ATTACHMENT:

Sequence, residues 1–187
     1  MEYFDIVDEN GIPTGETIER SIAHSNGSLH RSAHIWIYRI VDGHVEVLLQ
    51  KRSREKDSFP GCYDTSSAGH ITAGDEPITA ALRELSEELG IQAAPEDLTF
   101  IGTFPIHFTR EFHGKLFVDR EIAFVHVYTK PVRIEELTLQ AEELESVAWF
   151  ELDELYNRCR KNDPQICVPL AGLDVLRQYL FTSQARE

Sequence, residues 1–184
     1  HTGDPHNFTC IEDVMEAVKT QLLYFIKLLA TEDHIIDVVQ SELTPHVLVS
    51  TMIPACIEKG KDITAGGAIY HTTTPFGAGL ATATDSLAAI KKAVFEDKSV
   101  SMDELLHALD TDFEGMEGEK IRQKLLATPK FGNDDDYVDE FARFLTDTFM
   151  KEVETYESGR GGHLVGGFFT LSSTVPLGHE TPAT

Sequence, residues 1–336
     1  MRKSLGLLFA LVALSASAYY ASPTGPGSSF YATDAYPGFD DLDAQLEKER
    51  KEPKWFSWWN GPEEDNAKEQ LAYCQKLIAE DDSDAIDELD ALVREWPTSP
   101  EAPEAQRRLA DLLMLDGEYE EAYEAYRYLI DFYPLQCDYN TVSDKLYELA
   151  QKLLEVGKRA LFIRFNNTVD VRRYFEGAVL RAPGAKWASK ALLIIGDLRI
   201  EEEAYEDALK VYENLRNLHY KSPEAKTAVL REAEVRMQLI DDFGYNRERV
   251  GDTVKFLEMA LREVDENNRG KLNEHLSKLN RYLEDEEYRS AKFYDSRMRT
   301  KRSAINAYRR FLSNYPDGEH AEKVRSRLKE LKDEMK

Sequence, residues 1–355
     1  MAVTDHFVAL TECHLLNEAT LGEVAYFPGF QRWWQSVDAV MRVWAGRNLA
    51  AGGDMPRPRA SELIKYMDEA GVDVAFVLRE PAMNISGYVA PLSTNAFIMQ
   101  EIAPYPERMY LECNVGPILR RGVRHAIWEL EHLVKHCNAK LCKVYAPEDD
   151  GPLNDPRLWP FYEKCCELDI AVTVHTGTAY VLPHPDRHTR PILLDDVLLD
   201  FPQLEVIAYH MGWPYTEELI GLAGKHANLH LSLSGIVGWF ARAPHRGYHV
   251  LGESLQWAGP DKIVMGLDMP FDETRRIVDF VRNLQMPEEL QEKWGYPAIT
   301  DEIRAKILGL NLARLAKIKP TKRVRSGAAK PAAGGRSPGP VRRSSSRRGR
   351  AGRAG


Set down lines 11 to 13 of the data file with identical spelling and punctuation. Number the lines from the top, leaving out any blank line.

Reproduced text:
Sequence, residues 1–336
     1  MRKSLGLLFA LVALSASAYY ASPTGPGSSF YATDAYPGFD DLDAQLEKER
    51  KEPKWFSWWN GPEEDNAKEQ LAYCQKLIAE DDSDAIDELD ALVREWPTSP